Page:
Liquefied petroleum gas (LPG) prices are expected to rise by 10% starting on Tuesday, November 1, 2022, according to the Chamber of Petroleum Consumers (COPEC), while gasoline and diesel prices are anticipated to increase by between GHS 3 and GHS 8.
This, according to COPEC, is a result of changes in the price of petroleum products on a global scale.
At the moment, certain oil marketing companies are selling gasoline for GHS 17 and diesel for GHS 19.
“We are certain that one of the key things confronting the generality of Ghanaians currently has to do with fuel prices that keep increasing week in, week out. As of October 28, we were doing an average GHS 14 for petrol while diesel was averaging between GHS 17 to GHS 19 a litre,” Duncan Amoah the Executive Director of COPEC stated.
In order to provide customers of the commodity some relief, the government has said that attempts are now being conducted to “secure reliable and regular sources of affordable petroleum products.”
The government is attempting to find dependable, consistent suppliers of petroleum products at fair prices for the Ghanaian market.
When this arrangement is successful and the currency is stable, it is anticipated that the increase in gasoline costs would stop, providing relief for everyone, said President Akufo-Addo. Players in the industry have issued warnings of harder times to come as the cost of petroleum products keeps rising.
In a conversation with the media, COPEC’s executive director, Duncan Amoah, predicted a further hike to take effect on Tuesday.
“The majority of us anticipated that the presidential address would try to find some immediate remedies to the predicament we are in regarding currencies and measures to lower prices.
Unfortunately, the only information we have is that we plan to investigate finding gasoline in cheaper locations. To say that the threat of gasoline price rises is still present would be an understatement.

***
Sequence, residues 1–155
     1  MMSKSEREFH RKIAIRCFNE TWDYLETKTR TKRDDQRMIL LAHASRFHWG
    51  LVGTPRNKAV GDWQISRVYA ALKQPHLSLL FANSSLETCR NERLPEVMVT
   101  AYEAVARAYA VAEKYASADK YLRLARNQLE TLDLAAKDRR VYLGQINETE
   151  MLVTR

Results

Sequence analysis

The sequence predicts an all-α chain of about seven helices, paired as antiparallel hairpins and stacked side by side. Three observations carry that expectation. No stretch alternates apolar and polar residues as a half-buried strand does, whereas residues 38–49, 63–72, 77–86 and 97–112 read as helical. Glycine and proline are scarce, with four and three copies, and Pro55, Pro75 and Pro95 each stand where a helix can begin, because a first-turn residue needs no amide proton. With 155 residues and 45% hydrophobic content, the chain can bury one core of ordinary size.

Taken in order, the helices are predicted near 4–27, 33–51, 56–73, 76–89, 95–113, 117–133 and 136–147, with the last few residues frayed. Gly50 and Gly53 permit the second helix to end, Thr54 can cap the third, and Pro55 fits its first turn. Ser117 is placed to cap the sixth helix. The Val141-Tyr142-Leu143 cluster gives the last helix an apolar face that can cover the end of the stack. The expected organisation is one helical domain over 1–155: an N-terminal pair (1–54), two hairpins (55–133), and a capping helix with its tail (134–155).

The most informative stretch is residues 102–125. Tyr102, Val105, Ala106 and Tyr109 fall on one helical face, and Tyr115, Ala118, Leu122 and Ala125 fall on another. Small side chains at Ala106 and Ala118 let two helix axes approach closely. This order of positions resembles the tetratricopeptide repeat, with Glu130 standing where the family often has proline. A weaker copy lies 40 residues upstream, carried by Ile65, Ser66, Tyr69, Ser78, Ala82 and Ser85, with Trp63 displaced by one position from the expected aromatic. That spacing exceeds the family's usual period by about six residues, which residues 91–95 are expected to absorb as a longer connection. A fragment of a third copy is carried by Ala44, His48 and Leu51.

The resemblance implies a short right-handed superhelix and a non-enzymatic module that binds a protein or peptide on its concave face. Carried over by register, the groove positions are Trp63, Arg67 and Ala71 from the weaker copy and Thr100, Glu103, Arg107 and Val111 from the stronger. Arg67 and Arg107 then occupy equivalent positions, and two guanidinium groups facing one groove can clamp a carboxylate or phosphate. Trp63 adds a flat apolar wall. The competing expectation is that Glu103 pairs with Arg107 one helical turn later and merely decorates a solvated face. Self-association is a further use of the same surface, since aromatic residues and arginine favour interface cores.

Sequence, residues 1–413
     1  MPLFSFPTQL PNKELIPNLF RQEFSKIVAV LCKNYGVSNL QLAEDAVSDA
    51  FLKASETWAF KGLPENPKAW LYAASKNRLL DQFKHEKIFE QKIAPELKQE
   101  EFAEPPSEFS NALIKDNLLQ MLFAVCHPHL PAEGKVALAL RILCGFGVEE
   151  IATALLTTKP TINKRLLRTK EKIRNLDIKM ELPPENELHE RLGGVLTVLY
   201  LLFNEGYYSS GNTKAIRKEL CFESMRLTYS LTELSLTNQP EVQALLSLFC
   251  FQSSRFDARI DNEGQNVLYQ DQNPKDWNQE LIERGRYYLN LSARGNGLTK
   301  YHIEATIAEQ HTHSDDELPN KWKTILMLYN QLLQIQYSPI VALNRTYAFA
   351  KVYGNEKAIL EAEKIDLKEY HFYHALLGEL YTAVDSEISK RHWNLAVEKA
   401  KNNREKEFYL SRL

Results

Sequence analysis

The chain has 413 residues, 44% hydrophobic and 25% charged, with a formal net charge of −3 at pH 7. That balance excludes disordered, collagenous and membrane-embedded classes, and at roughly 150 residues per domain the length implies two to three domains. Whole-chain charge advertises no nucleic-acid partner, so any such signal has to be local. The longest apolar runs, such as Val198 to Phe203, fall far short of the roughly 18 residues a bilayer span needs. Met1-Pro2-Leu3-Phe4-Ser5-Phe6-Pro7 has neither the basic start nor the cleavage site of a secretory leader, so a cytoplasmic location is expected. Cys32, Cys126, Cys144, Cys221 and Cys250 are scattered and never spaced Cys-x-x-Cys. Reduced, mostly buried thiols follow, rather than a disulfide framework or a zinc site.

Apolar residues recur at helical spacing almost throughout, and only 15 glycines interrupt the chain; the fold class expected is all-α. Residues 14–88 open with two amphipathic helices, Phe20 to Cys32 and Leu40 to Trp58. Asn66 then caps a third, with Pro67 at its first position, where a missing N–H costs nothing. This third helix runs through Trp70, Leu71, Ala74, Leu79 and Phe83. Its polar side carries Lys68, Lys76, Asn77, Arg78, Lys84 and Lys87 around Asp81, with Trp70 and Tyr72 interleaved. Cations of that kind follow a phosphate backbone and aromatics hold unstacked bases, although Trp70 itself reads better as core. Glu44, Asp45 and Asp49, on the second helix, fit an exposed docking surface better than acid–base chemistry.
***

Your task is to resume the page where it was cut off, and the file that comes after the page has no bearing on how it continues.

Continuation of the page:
Expectations in the downstream market may increase again on Tuesday.
Last week the Institute for Energy Security (IES) also predicted a mid-November increase in fuel prices at the pump.
This is a result of the Cedi’s substantial depreciation against the US dollar and the noticeably rising price of gasoline on the global fuel market.
“In IES’ estimation, Gasoil’s price per litre is set to break the Gh¢20.00 mark, with a gallon price possibly going for Ghc90.00 on the market. Gasoline price may also inch close to Gh¢18 per litre by mid-November 2022,” according to a statement from the IES.
The 1.43% drop in LPG prices on the global market, according to IES, may not be reflected in lower prices at domestic gas stations since it “may counterbalance the depreciation of the Cedi and instead force the price of the commodity to climb further in the following days.”
Throughout the just closed pricing window, there were numerous modifications to the prices of various finished products on the local gasoline market.
Source: Ghanatodayonline.com/Louis Gyamerah